<< April 2014 >>
 
 >>
 >>
 >>
 >>
 >>
Sun Mon Tue Wed Thu Fri Sat
   1   2   3   4   5 
 6   7   8   9   10   11   12 
 13   14   15   16   17   18   19 
 20   21   22   23   24   25   26 
 27   28   29   30   
 
Add an Event

This Week at Physics

<< Fall 2013 Spring 2014 Fall 2014 >>

Events on Monday, April 28th, 2014

Cosmology Journal Club
An Informal discussion about a broad variety of arXiv papers related to Cosmology
Time: 12:00 pm
Place: 5242 Chamberlin Hall
Abstract: Please visit the following link for more details:
    http://cmb.physics.wisc.edu/journal/index.html
Please feel free to bring your lunch!
If you have questions or comments about this journal club, would like to propose a topic or volunteer to introduce a paper, please email Le Zhang (lzhang263@wisc.edu)
Host: Peter Timbie
Add this event to your calendar

Plasma Physics (Physics/ECE/NE 922) Seminar
Influence of energetic ions on resistive wall mode in reversed field pinch".
Time: 12:00 pm
Place: 2241 Chamberlin
Speaker: Hui Shan Cai, University of Science and Technology, China
Abstract: A stability analysis of the circulating energetic ions (CEIs) on resistive wall mode is carried out in the reversed field pinch (RFP). In contrast to the minor resonant effects of CEI on resistive wall mode (RWM) in tokamak, the resonant interaction between RWM and CEI is important for high toroidal mode number in RFP with high beta value. The resonance provides an energy dissipation channel of free energy, and stabilizes RWM. As the fraction of CEI is large enough, the RWM is fully suppressed by CEI in the low plasma rotation, even vanishing rotation. Further, a possibility to suppress the RWM by CEI is suggested.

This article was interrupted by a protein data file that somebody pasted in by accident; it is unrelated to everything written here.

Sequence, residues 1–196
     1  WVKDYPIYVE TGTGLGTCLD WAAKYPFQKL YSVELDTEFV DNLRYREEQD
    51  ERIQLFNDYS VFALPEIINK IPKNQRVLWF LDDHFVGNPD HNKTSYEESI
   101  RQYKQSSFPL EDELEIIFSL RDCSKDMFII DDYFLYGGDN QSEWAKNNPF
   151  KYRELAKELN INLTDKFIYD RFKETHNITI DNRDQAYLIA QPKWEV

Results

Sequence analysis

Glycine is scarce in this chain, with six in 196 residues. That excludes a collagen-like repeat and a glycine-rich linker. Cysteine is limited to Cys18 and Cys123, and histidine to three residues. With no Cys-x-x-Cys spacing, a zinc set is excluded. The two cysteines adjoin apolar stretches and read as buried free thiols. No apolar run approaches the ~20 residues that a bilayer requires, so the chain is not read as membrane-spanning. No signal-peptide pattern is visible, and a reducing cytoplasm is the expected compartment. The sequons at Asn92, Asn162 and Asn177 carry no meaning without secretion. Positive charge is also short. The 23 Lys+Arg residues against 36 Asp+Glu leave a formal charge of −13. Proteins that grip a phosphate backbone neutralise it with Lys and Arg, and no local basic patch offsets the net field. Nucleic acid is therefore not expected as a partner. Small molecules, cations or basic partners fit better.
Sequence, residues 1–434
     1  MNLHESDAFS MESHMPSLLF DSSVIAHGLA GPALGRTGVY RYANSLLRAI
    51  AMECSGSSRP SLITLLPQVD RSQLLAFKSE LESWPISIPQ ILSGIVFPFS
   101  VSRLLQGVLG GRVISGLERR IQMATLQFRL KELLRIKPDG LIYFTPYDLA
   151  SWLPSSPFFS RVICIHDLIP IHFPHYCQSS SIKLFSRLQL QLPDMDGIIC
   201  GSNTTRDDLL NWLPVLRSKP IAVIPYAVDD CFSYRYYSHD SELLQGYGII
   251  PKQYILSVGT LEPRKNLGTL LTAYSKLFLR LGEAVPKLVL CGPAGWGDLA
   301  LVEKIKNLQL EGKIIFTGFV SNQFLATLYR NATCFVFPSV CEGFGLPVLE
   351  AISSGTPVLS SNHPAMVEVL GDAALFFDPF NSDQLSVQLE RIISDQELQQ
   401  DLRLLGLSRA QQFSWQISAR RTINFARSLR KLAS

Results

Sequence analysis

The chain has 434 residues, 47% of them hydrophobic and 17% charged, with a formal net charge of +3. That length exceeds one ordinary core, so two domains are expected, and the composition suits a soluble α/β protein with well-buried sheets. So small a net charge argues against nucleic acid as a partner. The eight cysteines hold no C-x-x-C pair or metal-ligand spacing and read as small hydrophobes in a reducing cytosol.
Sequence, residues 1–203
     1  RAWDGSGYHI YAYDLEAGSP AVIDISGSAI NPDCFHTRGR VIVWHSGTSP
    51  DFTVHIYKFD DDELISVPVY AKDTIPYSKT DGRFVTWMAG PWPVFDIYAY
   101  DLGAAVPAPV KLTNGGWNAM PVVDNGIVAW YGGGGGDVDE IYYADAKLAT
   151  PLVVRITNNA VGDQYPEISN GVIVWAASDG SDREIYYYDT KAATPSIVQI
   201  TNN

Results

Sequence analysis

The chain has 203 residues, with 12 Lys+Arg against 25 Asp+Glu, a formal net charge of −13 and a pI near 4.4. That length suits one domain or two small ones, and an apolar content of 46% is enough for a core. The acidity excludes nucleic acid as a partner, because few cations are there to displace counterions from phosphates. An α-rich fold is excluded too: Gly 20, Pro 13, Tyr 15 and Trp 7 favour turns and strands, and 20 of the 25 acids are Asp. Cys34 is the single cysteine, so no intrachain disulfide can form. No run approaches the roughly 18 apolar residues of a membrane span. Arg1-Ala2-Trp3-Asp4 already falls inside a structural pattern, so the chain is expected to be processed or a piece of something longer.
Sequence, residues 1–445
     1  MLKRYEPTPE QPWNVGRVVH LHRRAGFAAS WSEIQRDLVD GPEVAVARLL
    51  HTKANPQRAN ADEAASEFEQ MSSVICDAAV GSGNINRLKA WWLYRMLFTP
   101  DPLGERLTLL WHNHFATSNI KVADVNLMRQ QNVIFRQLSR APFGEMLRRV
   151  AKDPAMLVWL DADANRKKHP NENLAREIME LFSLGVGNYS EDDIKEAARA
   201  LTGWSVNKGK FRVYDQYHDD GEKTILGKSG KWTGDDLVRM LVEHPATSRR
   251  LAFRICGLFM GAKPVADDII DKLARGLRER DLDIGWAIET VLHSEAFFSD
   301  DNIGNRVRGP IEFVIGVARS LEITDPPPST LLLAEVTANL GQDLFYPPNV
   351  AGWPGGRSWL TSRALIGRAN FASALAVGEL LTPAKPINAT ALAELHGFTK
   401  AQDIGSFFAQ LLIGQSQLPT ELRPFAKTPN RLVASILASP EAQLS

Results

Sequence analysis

Host: Weixing Ding
Add this event to your calendar

Condensed Matter Theory Group Seminar
R.G. Herb Condensed Matter Seminar
"Coupled electricity and magnetism in Mott insulators: currents, dipoles and monopoles
Time: 4:30 pm
Place: Chamberlin 5310
Speaker: Daniel Khomskii , University of Cologne, Germany
Abstract: The standard point of view is that at low energies Mott insulators exhibit only magnetic properties, while charge degrees of freedom are frozen out, because electrons are localized. I demonstrate that in general this is not true [1, 2]: for certain spin textures there exist quite nontrivial effects in the ground and lowest excited states, connected with charge degrees of freedom. In particular this may happen in frustrated systems, e.g. containing triangles or tetrahedra as building blocks. I will show that in some cases there may exist spontaneous circular currents in the ground state of insulators, proportional to the scalar chirality; this clarifies the meaning of the latter and opens the ways to directly experimentally access it. For other spin structures there may exist spontaneous charge redistribution, so that average charge at a site may be different from 1. This can lead to the appearance of dipole moments and possibly of the net spontaneous polarization. This is a novel, purely electronic mechanism of multiferroic behaviour. In particular I show [3] that such electric dipoles should exist in spin ice materials at every tetrahedra with three-in/one-out or one-in /three-out spin configurations, which are equivalent to magnetic monopoles [4]. Thus there should be an electric dipole attached to each magnetic monopole in spin ice. This leads to electric activity of magnetic monopoles, and opens the possibility to control magnetic monopoles by electric field. I will also discuss unconventional dynamics of magnetoelectric materials, in which there should be magnetic monopole attached to each electric charge [5]. The possibility to use chirality as qubits will be also discussed. [1] L.N.Bulaevskii, C.D.Batista, M.V.Mostovoy and D.I.Khomskii, Phys.Rev.B 78, 028402 (2008) [2] D.I.Khomskii, JPCM 22, 164209 (2010) [3] D.I.Khomskii, Nature Communications 3, Article 904 (2012) [4] C.Castelnovo, R.Moessner and S.L.Sondhi, Nature 451, 42 (2008) [5] D.I.Khomskii, arXiv:1307.2327 (2013)
Host: Perkins
Add this event to your calendar

©2013 Board of Regents of the University of Wisconsin System